Fuel Efficiency - Results of Fuel Efficiency Trial - June 2022

[June 2022] The discovery that during her first season 38’ Cape Sable Stanley burned less than half a (US) gallon/hour (see below) has led to a commitment for careful readings at various rpms/speeds this season.

In a world where 2 US gallons/hr at 8 knots is considered excellent, the first test continued to show that the Cape Sable design is one of the most fuel-efficient live-aboard trawlers currently being built.

For a boat designed for cruising the ocean in comfort and safety, fuel-efficiency is a wonderful bonus.

Volunteer observer Captain Rodney Strowbridge, right; and Stanley co-designer John Steele monitoring fuel consumption.

The first trials were done with the boat cruising up the LaHave River between East LaHave and Dayspring on June 8 one hour before the top of the tide so with minimal current running against the boat with the following results:

At 1600 rpm cruising at 6.5 knots Stanley’s Yanmar 4JH110 engine burned 0.45 liters in ten minutes. For a full hour the fuel consumption would be: 2.7 liters/hr or 0.71 gph or 0.59 Imp. gph.  Or 9.15 nautical miles per US gallon or 10.7 miles/Imperial gallon.

At 2000 rpm cruising at 8 knots the Cape Sable prototype  burned 0.8 liters in ten minutes. The hour equivalents: 4.8 liters/hr or 1.26 gph or 1.055 Imp. gph.  Or 6.36 nautical miles per US gallon or 7.58 nautical miles/Imperial gallon.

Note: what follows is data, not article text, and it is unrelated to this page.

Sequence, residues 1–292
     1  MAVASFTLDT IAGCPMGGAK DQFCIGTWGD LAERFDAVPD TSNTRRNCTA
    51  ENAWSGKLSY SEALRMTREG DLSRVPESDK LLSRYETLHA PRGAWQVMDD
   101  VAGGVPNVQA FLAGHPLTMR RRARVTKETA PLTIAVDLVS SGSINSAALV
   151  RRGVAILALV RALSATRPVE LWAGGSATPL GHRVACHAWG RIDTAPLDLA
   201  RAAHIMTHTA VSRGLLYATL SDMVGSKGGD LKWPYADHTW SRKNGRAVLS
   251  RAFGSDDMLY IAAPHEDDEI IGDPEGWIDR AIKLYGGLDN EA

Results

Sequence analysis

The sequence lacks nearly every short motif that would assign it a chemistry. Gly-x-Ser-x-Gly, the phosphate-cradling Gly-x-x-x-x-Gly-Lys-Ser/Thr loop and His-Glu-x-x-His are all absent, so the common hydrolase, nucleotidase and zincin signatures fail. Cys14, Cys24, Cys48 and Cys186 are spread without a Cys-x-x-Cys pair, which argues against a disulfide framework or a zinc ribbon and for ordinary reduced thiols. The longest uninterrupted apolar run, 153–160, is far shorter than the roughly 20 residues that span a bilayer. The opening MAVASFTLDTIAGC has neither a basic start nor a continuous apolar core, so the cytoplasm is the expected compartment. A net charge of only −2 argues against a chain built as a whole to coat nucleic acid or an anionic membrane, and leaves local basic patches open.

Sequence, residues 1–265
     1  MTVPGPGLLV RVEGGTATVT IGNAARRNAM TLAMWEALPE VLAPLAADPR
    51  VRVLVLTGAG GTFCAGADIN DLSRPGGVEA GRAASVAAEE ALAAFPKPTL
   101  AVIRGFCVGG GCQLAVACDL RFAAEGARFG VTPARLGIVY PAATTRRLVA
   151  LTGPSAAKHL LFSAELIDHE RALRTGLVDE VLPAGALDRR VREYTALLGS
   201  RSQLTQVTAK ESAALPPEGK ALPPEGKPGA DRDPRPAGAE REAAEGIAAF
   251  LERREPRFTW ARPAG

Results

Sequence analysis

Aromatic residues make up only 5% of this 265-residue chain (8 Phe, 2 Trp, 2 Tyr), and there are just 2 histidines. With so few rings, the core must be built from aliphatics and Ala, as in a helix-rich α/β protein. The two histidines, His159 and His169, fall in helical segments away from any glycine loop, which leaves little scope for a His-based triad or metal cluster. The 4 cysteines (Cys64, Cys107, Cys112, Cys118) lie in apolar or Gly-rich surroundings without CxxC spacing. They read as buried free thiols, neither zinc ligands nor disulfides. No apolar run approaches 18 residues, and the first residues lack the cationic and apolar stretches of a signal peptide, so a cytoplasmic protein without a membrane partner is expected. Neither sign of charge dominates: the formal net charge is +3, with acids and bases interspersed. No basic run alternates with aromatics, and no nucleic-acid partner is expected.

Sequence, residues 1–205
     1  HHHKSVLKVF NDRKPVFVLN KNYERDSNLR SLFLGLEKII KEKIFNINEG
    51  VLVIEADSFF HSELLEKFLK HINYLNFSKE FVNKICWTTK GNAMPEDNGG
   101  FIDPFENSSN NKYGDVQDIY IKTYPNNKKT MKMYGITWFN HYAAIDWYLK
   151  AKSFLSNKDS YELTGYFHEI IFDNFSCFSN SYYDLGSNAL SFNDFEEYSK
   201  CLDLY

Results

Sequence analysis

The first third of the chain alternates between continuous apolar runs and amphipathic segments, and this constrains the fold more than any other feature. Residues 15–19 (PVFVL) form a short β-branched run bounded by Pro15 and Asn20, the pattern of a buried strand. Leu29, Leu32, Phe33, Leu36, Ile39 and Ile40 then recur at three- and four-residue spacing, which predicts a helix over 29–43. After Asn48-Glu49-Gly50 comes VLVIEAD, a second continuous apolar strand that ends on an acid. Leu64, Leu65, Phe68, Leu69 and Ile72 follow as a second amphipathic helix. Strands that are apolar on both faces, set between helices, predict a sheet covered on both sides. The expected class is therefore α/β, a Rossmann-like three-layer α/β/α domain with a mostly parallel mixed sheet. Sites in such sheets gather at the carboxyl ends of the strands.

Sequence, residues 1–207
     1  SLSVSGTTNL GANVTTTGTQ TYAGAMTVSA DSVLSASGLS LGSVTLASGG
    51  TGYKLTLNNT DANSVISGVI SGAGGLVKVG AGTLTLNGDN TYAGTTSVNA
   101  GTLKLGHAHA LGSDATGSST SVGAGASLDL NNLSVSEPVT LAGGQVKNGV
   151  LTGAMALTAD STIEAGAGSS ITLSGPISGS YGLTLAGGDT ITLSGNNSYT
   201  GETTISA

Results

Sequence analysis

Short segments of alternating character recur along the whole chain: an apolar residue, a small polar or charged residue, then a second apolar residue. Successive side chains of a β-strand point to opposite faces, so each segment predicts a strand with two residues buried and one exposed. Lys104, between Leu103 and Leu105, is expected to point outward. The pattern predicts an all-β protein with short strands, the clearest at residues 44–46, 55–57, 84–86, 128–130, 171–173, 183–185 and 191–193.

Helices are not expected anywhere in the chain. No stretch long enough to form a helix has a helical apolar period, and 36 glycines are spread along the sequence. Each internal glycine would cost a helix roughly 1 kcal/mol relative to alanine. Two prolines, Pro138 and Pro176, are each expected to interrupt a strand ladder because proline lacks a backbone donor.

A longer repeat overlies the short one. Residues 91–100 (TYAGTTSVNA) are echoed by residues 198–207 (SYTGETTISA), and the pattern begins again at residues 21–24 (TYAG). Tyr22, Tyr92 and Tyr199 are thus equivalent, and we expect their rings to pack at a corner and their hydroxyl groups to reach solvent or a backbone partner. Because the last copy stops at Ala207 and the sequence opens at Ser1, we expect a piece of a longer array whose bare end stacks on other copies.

The 1.26 gph figure for the 8 knots trial is slightly better than what Yanmar expects for this engine, according to the graph in the left column of this web page.

For this test the engine drew fuel directly from a calibrated container and the fuel level was observed immediately before and after each run.

(Although it’s unlikely a long-range cruiser would run at 2400 rpm, a five-minute test was included at approx. 10 knots. Consumption: 0.95 liters. The hour equivalents: 11.4 liters/hr or 3.01 gph or 2.5 Imp. gph.)

The trial was witnessed by Canadian Coast Guard Captain Rodney Strowbridge who has confirmed this report as “accurate to what I witnessed.” (tstrowbridge@eastlink.ca).  Capt. Strowbridge was on leave from his duties at the helm of the icebreaker Kopit Hopson 1752.

Further testing may include downriver cruising as well as moving against the current.

Contact Cape Sable co-designer John Steele to discuss these results: john@capeislandcruisers.com .